Create a Schema

A Schema defines the shape of the documents within a collection. It is basically a map of field name to Type.

It contains specs for transforming and validating each fields.

Create

Setup your schema for your collection by creating a new instance of Blini.Schema.

Schema takes only one argument a map of field: String to type: Type.

const { Schema, Type } = require('blini');

const userSchema = new Schema({
    username: Type.String({
        validation: [
            Validation.required(),
            Validation.minLength(3),
            Validation.maxLength(30)
        ],
        index: {
            unique: true
        }
    }),
    books: Type.Set(Type.Ref('Book'), {
        validations: [
            Validation.default([]),
        ]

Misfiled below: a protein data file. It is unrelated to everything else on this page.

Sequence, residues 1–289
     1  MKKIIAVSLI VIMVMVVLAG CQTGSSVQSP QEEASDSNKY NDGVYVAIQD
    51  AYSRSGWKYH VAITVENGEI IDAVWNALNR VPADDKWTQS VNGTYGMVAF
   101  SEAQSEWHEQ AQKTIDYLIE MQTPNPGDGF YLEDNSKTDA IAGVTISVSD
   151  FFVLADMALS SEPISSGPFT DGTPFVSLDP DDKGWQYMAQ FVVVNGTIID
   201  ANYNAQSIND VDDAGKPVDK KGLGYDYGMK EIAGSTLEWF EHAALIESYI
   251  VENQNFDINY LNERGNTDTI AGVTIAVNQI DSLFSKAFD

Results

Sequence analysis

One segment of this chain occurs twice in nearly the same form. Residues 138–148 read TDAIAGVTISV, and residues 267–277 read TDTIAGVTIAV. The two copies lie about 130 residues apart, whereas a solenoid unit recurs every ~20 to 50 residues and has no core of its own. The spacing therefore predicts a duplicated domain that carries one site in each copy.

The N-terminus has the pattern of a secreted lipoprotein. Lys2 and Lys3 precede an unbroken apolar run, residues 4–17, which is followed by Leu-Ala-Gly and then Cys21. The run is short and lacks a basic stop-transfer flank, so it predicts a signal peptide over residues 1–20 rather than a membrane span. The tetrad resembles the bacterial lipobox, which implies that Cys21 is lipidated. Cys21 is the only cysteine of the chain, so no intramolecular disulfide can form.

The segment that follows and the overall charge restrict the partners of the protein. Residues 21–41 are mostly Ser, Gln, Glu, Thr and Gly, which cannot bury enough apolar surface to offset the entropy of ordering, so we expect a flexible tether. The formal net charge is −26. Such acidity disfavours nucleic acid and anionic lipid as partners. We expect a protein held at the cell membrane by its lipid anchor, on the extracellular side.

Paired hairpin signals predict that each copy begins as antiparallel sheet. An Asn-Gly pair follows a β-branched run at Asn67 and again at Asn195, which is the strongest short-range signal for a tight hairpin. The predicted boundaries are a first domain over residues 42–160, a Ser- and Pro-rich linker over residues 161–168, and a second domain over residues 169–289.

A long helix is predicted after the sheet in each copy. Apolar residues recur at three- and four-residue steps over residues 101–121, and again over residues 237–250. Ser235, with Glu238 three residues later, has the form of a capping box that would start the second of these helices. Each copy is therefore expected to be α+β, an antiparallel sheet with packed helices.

})
});

Native types

Native types like String, Number and ObjectID.

Validation

All types (natives and iterables) are taking as last argument a spec of options.

The validation option lets you specify an array of validations functions to use.

See Validations for more details about the helper validation methods (note that a validation can be any function taking a value and retuning the transformed value or throwing an error).

Iterable

Blini doesn't have a type for mixed/object or array, instead it's using immutable data structure: Type.List, Type.Set and Type.Map.

Each of these types take a Type as first argument, it will be used to normalize and validate inner data.

const postSchema = new Schema({
    title: Type.String(),
    body:  Type.String(),
    tags:  Type.Set(Type.String())
});

Sub-documents

Since Schema inherits from Type, you can add schema for shaping sub-documents.

const commentSchema = new Schema({
    author: Type.Ref('Author'),
    body:   Type.String()
});

const postSchema = new Schema({
    title:    Type.String(),
    body:     Type.String(),
    author:   Type.Ref('Author'),
    comments: Type.List(commentSchema)
});

References

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